AKA: Kokaku Kidotai Arise: Ghost Stands Alone, Mobile Armored Riot Police: Arise -Ghost Stands Alone-
Genre: Cyberpunk/Action/Crime Drama
Year Released: 2014
Running Time: OVA, 58 minutes
Rating/Recommended Audience: TV-MA
Related Films/Series: Ghost in the Shell, Ghost in the Shell 2: Innocence, Ghost in the Shell: Stand Alone Complex, Ghost in the Shell: Stand Alone Complex 2nd Gig, Ghost in the Shell: Stand Alone Complex Solid State Society, Ghost in the Shell: Arise -Ghost Pain-, Ghost in the Shell: Arise -Ghost Whispers-, Ghost in the Shell: Arise -Ghost Tears-, Ghost in the Shell: Arise -Pyrophoric Cult-, Ghost in the Shell: AAA, Ghost in the Shell: The New Movie, Ghost in the Shell (2017 American Live-Action Remake), Ghost In The Shell: SAC 2045
For Fans Of: Texhnolyze, Akira, The Matrix, Serial Experiments Lain, Paprika, A Scanner Darkly, Ergo Proxy, Blade Runner
-The Japanese language track was used for this review.
-This is the 4th of 5 films in the Arise prequel series. It is strongly recommended to watch the previous three films, especially for this one since it continues the “Fire-Starter” arc from Ghost Tears.
-Fandom Bonus: Any Eagle-eyed GITS fan will appreciate some of the references in Ghost Stands Alone. The building jump scene is recreated in this film, the concept of Ghost Dubbing returns from GITS 2: Innocence as it becomes a major plot point with one supporting character, and the title is an obvious callback to the TV series known as Stand Alone Complex. There’s even a scene in the ending where Batou and Motoko are on a boat and talk about swimming. Remind you of a certain scene in the first film?
-The ending theme “Split Spirit” is done by Yukihiro Takahashi of Yellow Magic Orchestra fame. Not only that, but he also helped compose some of the music from Nadia: Secret of Blue Water. Hmm, looks like Mr. Takahashi has helped with anime series that influenced American movies except that no one who worked on a certain movie with obvious similarities to Nadia gave credit to its progenitor.
-One of Motoko’s subordinates Borma is played in the Japanese version by Kazuya Nakai whom otaku should know for voicing various swordsmen characters such as Zoro from One Piece, Mugen from Samurai Champloo, and Toshiro from Gintama. However, Borma uses guns instead of swords though.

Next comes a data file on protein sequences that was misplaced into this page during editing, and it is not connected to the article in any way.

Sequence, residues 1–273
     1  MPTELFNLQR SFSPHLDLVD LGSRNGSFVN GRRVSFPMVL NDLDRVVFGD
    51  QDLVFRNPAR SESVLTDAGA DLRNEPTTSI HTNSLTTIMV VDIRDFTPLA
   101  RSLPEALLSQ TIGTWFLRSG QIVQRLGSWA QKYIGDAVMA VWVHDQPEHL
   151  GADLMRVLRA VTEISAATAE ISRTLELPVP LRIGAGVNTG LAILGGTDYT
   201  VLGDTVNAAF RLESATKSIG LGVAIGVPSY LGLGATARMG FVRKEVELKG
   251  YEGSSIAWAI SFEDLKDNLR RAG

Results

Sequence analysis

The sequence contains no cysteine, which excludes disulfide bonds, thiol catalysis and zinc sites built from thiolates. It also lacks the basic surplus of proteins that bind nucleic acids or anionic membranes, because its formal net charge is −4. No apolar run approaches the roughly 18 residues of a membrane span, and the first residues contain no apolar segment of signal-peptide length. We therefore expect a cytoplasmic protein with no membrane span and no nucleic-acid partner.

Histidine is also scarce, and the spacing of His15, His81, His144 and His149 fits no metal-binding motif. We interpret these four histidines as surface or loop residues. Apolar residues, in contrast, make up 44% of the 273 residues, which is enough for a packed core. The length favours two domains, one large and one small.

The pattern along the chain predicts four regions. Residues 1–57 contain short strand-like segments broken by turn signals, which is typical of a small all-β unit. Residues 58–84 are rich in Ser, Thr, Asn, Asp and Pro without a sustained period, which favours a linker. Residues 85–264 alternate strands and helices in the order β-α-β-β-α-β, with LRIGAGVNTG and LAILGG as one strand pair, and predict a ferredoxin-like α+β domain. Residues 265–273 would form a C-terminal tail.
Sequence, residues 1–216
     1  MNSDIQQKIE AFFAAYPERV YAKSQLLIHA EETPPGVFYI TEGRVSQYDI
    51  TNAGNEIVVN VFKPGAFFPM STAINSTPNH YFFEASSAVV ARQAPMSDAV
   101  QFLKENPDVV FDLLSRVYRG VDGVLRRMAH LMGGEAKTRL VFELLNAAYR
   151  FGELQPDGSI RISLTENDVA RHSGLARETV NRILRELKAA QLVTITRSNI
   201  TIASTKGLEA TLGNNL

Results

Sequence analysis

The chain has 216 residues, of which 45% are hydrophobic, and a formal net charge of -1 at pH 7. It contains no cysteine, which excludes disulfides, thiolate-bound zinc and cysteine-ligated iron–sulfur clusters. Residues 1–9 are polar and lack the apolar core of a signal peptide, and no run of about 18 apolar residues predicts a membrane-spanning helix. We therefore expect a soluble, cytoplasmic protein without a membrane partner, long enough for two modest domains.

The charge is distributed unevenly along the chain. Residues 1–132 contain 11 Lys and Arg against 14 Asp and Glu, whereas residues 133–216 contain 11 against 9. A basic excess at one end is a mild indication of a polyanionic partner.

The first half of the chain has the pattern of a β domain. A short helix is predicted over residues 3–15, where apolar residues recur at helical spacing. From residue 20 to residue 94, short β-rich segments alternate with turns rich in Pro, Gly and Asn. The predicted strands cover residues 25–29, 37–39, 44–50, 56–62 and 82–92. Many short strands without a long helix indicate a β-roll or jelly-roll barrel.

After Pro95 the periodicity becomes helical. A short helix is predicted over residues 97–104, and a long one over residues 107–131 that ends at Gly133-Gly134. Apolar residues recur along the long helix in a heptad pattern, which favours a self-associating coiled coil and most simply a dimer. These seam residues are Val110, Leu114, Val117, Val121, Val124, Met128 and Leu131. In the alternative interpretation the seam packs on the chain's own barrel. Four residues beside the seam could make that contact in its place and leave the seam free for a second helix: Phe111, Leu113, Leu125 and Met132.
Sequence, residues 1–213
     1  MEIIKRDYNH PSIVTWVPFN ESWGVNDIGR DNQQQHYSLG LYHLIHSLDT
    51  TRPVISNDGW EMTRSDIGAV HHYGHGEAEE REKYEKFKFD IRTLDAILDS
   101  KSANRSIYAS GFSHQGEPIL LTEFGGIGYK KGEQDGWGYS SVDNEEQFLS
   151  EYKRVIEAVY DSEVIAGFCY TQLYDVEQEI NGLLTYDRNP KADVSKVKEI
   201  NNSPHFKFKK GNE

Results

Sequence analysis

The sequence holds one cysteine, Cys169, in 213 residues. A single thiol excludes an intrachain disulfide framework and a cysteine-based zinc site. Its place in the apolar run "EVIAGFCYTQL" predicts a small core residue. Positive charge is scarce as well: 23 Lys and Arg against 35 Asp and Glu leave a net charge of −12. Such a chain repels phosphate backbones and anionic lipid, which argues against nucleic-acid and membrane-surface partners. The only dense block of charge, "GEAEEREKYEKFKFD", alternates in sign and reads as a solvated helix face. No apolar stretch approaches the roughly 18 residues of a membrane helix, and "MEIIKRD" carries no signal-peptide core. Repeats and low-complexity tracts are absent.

Someone call DJ Khaled to come over here because this review is a perfect example of the famous “…and another one” meme. In this case, this is another one involving reviewing the Ghost in the Shell: Arise prequels. I’m now at the penultimate film in this five-part series (or six if you count GITS: The New Movie), as I keep on trucking for stuff to watch and review for all of you at Iridium Eye.
Ghost Stands Alone takes place shortly after the Mermaid’s Leg incident in Ghost Tears. The Qhardi cartel is still at large, and there have been various hackings into people’s cyberbrains. It becomes an unprecedented level of mass hacking during a tense sociopolitical time where protestors are challenging a business deal between Dr. Thied and a Japanese businessman to a deal with this Qhardi water company as war orphans are barely getting clean water. The hacking becomes so intense that the police force guns down unarmed protestors before gunning other cops leaving several dozens of people dead on the streets outside of the company’s building during a huge gala event. The culprit is connected to Fire-Starter, the infamous cyberterrorist that’s eluded Section 9, the local authorities, and Motoko’s task force. They find a girl named Emma Tsuda AKA Tin Girl who seems to know something about Fire-Starter and the cyberbrain hacking. Motoko tries to hack into her brain only to be blocked access and her team finds out that Emma has two Ghosts inside her cybernetic body.
For those who have read my Ghost Tears review, you may have noticed that I was disappointed in the storylines in that one, but one thing that I do appreciate in hindsight is that the previous film actually provides way more progression in the story even more so than the first two films. The characters such as Dr. Thied and Colonel Hozumi’s crew return, so there’s direct lineage through Ghost Tears’ story. This sets up more danger as this Fire-Starter figure is still wanted and there’s more danger involved as this individual is one of the best cyberbrain hackers out there and even Motoko herself fails in overriding that person’s attempts at brain jacking others. This was definitely an improvement and I really feel like I’m watching something that’s part of a trilogy instead of just random episodes.